A warning: this is going to be an incredibly difficult review to write. This book is huge, has a multitude of characters and is crazy good. I hope I can pull it together enough so I don’t blather on like an idiot. Oops, too late.
Let’s start with the time period, as this is the very essence of this book. It takes place during the Roaring Twenties; the time of nifty lingo, hot jazz and a prime focus by youths on youth culture and the separation of the generations (probably the first time ever). The slang is pos-i-lute-ly the gnat’s whistle, for starters, and it makes this book sing. In New York City, where the story takes place, there’s Harlem and its Cotton Club. There are automats, flappers, illicit hooch and freedom. Getting one’s hair bobbed and shortening one’s hem length became the great dividing line between your Pop’s generation and the Janes and cake-eaters who were scandalizing the nation.
This was the era of prohibition, liberation and segregation. The US was coming off The War to End All Wars, where many of the brothers, sweethearts and friends of the country’s youth had been killed or damaged. To try and forget, those left behind kicked up their heels and shocked their parents. Then alcohol was outlawed by the Eighteenth Amendment; but this did not stop many people from making or acquiring liquor; no siree. Speakeasies and clubs that served were everywhere; you just had to know the secret password.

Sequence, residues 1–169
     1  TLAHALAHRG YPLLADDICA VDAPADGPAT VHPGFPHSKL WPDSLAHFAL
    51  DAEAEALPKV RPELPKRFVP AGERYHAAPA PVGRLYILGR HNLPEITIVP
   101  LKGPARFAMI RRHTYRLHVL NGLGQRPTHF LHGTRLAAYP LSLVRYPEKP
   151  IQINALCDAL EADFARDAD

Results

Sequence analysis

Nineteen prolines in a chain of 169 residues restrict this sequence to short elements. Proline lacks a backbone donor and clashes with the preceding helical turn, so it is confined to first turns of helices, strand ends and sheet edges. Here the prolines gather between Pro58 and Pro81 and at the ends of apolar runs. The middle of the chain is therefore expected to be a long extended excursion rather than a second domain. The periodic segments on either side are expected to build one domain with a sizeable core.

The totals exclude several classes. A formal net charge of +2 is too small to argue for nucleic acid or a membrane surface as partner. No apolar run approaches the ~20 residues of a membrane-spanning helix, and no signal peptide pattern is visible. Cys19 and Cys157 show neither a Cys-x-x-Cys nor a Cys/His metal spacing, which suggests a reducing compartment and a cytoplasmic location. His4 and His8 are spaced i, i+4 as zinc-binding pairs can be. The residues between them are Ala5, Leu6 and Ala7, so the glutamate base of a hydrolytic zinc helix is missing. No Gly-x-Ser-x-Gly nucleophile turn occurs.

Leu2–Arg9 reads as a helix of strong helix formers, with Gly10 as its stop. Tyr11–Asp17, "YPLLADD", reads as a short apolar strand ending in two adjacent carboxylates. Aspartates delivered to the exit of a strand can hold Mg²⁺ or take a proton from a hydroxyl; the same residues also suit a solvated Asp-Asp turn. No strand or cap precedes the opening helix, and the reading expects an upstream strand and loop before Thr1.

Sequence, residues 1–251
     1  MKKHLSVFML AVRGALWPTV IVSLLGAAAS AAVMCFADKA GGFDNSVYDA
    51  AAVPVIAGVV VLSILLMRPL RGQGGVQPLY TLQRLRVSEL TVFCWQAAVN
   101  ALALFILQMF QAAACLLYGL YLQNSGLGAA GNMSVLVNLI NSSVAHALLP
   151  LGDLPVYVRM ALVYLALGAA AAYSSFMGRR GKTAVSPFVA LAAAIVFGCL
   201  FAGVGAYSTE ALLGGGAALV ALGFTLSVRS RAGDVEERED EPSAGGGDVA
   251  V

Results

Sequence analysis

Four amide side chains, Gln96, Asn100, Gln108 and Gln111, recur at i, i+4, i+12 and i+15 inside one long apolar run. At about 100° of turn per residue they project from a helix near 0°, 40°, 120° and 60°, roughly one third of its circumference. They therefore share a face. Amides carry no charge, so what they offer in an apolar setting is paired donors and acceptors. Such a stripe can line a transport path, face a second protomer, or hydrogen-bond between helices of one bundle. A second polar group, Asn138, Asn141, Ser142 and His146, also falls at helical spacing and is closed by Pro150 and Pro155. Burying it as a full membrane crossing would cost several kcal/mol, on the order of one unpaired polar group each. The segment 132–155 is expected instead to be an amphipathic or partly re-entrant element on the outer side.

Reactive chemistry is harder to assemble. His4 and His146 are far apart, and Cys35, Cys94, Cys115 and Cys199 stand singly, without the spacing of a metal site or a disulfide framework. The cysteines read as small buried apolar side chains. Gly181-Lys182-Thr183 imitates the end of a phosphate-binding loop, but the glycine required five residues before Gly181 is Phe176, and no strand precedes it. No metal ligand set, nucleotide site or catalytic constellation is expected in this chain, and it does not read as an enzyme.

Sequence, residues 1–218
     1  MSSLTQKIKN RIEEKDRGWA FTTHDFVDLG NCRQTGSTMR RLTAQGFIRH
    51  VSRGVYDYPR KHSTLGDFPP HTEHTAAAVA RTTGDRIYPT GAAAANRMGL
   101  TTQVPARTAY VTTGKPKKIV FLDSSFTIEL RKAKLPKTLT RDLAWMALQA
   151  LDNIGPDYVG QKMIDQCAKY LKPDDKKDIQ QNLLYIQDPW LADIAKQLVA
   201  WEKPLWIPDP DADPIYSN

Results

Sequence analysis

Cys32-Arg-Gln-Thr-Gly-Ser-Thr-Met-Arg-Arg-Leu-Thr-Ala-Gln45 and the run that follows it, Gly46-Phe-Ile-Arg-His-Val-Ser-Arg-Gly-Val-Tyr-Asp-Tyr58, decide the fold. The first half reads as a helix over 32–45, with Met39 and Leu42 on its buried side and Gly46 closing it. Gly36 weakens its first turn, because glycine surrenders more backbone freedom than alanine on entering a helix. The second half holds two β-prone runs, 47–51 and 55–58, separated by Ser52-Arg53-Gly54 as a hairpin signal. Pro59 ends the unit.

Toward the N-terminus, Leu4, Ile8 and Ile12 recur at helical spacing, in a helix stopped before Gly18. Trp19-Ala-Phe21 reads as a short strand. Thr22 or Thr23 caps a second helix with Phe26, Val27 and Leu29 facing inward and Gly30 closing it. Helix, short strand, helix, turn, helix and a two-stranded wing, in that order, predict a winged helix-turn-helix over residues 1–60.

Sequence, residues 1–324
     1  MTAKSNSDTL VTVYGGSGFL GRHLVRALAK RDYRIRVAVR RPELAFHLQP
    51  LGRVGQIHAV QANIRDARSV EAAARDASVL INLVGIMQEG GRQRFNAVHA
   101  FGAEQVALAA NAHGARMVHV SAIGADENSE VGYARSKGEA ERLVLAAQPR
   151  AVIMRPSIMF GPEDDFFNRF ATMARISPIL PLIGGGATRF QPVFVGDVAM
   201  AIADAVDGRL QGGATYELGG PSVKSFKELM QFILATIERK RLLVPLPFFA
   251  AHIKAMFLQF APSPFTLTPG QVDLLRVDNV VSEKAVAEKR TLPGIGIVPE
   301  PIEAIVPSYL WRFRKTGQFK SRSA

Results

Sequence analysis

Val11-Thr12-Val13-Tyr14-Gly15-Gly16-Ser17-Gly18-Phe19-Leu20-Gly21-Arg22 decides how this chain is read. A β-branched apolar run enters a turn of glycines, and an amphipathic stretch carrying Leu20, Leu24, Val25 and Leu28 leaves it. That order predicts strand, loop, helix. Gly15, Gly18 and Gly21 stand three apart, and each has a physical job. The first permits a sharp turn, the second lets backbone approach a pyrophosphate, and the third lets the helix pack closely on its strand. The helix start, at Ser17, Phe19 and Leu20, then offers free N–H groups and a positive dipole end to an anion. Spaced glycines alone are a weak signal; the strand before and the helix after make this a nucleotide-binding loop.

There was a surge of popularity in spiritualism during this time as well – seances, Ouija boards, tarot cards being some of the methods that were used. Maybe again tied in with the dead from World War I – trying to reach them? These soldiers died far from home, their families racked with guilt. Such is the case of our heroine, whose brother died in Germany in a surprise attack. The brother that still visits her in her dreams.
Then there is the state of the races at this time. As the white young adults were interested in being reckless and living for today, it became popular to go to parts of the city that were considered to be lively but dangerous. In Manhattan, that would be Harlem. Writers like Langston Hughes and Zora Neale Hurston were holding court while Duke Ellington played at the Cotton Club. At a time when blacks were not allowed into white establishments (unless they were working, of course) blacks and whites were mixing freely in joints in Harlem, though the whites weren’t entirely welcomed.
Our heroine is Evie O’Neill, of the Zenith, Ohio O’Neills. She has been sent to stay with her Uncle Will in New York City because of an unfortunate incident in Zenith. Evie has special powers…she can hold something belonging to someone (a ring, a handkerchief, a glove) and find out that person’s secrets. And unfortunately for Harold Brodie, she told everyone that he had gotten a girl pregnant. A girl who was not his fiance. Refusing to apologize, Evie is dispatched to stay with her uncle (where he runs the Museum of American Folklore, Superstition, and the Occult) until the storm passes. Luckily her friend Mabel lives in the same apartment tower where her uncle does, so she’ll at least have one friend in the City.